Francis continued, "Boundaries are the invisible lines between us that keep us safe. Despite caring for others, we may have to be firm, clear, and consistent about our limits in order to maintain our mental health and emotional wellness. Saying no to people you care about is hard, but is important." So let your partner know what your needs are, from designated time alone to time you need alone together. Barring abusive behavior, this is healthy self-care.

Being critical

If you've ever had a parent or partner who is excessively critical of you, you know how exhausting it feels and how toxic it can be. "In a relationship, having a 'critical' partner can be considered toxic, especially if feelings are hurt," noted Bennett. And while that kind of criticism is not healthy, some criticism can actually be helpful for you and your partner. 

He continued, "Honest criticism, done correctly, can actually be good for the relationship. Bad judgment from one partner can have major consequences. While it's important to keep a calm, empathetic, and non-threatening tone, there are times when one partner's behavior might need to be called out. A few examples are financial mismanagement, drug use, or a refusal to deal with an out of control child." So as long as you're not needlessly harping on your sweetie, there's room for important critiques. 

Running away from a fight

Sometimes, if you and your partner are fighting, you may find yourself overwhelmed and needing to step away. That's actually not a bad move, especially if the fight is getting dirty. 

"It's never healthy to stay in the same place arguing and getting nowhere," noted Hershenson. "One of you will have to be the grown up and call a time out. This means taking time apart away from the situation so you can regroup and come back together rational." 

The same is true for afterwards, when emotions are still running high. Bennett told me, "The standard advice is that you should always keep the lines of communication open after a fight. Running off to a room and slamming the door or going out with friends is considered toxic behavior. But, after a fight, your adrenaline is flowing and emotions are running high. Because of that, trying to reconcile immediately can not only be difficult, but can sometimes cause the fight to start again." So as long as you make the effort to restart communications later, it's perfectly acceptable to flee.

Going to bed angry

One of the more common pieces of relationship advice is that couples should never go to bed while still angry at each other. There have even been studies that show how doing so could have a negative impact on your relationship. But it's not always the best option, especially if you don't have the time or energy to properly resolve the conflict.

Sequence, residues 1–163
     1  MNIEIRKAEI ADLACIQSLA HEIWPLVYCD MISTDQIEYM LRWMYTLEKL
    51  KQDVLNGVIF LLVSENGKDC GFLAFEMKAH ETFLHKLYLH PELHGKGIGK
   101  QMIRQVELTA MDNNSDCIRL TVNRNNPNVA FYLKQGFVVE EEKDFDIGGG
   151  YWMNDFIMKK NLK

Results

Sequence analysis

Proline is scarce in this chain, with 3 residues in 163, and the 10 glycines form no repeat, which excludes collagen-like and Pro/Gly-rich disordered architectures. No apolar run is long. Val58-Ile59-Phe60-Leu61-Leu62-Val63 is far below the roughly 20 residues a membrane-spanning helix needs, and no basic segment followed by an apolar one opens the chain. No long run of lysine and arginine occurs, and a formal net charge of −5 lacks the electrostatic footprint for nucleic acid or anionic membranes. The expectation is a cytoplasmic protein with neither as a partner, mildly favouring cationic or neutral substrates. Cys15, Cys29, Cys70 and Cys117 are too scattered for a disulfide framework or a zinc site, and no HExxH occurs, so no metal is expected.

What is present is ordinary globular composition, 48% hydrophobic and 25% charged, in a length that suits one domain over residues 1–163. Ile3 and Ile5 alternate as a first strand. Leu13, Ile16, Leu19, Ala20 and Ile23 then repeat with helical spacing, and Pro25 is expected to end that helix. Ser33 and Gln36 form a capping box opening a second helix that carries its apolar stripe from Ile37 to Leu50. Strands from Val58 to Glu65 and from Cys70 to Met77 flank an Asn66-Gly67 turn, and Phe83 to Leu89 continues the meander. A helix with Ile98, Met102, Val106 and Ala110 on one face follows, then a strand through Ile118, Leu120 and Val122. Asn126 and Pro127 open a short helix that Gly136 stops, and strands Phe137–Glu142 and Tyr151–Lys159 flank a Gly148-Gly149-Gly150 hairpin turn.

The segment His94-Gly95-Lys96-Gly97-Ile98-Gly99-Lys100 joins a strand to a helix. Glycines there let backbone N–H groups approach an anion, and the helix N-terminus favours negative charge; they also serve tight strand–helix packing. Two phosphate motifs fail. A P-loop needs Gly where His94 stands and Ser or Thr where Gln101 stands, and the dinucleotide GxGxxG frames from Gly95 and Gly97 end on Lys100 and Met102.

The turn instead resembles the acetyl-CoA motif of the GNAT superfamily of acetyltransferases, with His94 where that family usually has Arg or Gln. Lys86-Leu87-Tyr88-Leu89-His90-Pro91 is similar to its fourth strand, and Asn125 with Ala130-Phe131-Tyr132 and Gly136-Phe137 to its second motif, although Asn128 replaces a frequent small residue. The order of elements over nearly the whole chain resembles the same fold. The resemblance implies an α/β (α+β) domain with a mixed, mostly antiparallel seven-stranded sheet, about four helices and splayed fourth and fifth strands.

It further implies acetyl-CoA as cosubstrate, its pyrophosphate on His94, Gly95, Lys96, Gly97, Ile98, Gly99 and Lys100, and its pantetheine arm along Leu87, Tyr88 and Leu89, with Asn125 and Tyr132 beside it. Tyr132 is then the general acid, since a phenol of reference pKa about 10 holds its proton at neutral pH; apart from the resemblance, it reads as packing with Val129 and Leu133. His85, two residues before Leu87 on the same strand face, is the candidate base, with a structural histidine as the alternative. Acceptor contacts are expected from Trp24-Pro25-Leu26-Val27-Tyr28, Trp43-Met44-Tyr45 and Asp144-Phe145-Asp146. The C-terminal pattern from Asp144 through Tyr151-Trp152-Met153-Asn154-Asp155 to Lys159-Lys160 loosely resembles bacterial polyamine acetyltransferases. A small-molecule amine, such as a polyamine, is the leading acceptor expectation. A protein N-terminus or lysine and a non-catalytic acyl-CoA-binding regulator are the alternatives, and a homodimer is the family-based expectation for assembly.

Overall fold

Dr. Wyatt Fisher, a licensed psychologist, told me, "While it's ideal to work through tension before bed, it may not always be feasible. Both spouses may need time to de-flood, process through what they're feeling, and then re-address the topic in the morning." So even if one of you sleeps on the couch, it's totally okay if you're clear-headed and ready to reconcile the next morning.

Talking during sex

Sex is the most intimate part of any romantic partnership, and is often fraught with expectations and desires. And when you're newly partnered with someone, the sex is usually fantastic with little effort. But down the road four, five, ten years, it can take some communication to keep your love life healthy and robust. So should you talk to each other during sex? 

Dr. Fisher says yes, noting that, "Most people think you shouldn't talk about what you like or don't during sex because it will take away the passion and excitement. However, real time feedback is one of the best ways to let your partner know what feels good and what doesn't to maximize both of your pleasure." Plus, it can be especially fun if you work it into your repertoire — not toxic in the least! 

Having different friends

It's not uncommon for couples to have the same friends, and to go out together with the same group of folks. But in some cases, there are good reasons why a person might have friends that they don't share with their partners — and there's nothing wrong with that. 

David Ezell, the clinical director of Darien Wellness, told me, "Cultivating friendships outside of the relationship — both opposite sex as well as same-sex — allows partners to be express parts of themselves that they cannot be in the relationship." This is especially true if you don't share the same hobbies and interests. Ezell continued, "If you love theater and your partner is a TV person, having a theater buddy allows you to feed that need (and also reinforces trust between the both of you)." 

So as long as your communication is clear and open, and you're always being honest, it doesn't matter what friends you do or don't share.

Communication is key

A lot of toxic habits arise either because one partner is abusive, or because communication isn't paramount in a partnership. That's why it's important to evaluate your relationship habits, and speak to a therapist — or even a trusted friend — if you have any doubt about your situation. Additionally, make sure you're putting in the work and effort that your relationship deserves, and don't sweep things under the rug or ignore things that bother you. 

Honest and direct communication can go a long way in eliminating toxic behavior patterns, as can regular check-ins with your partner when you're both calm. A little work goes a long way in making it last!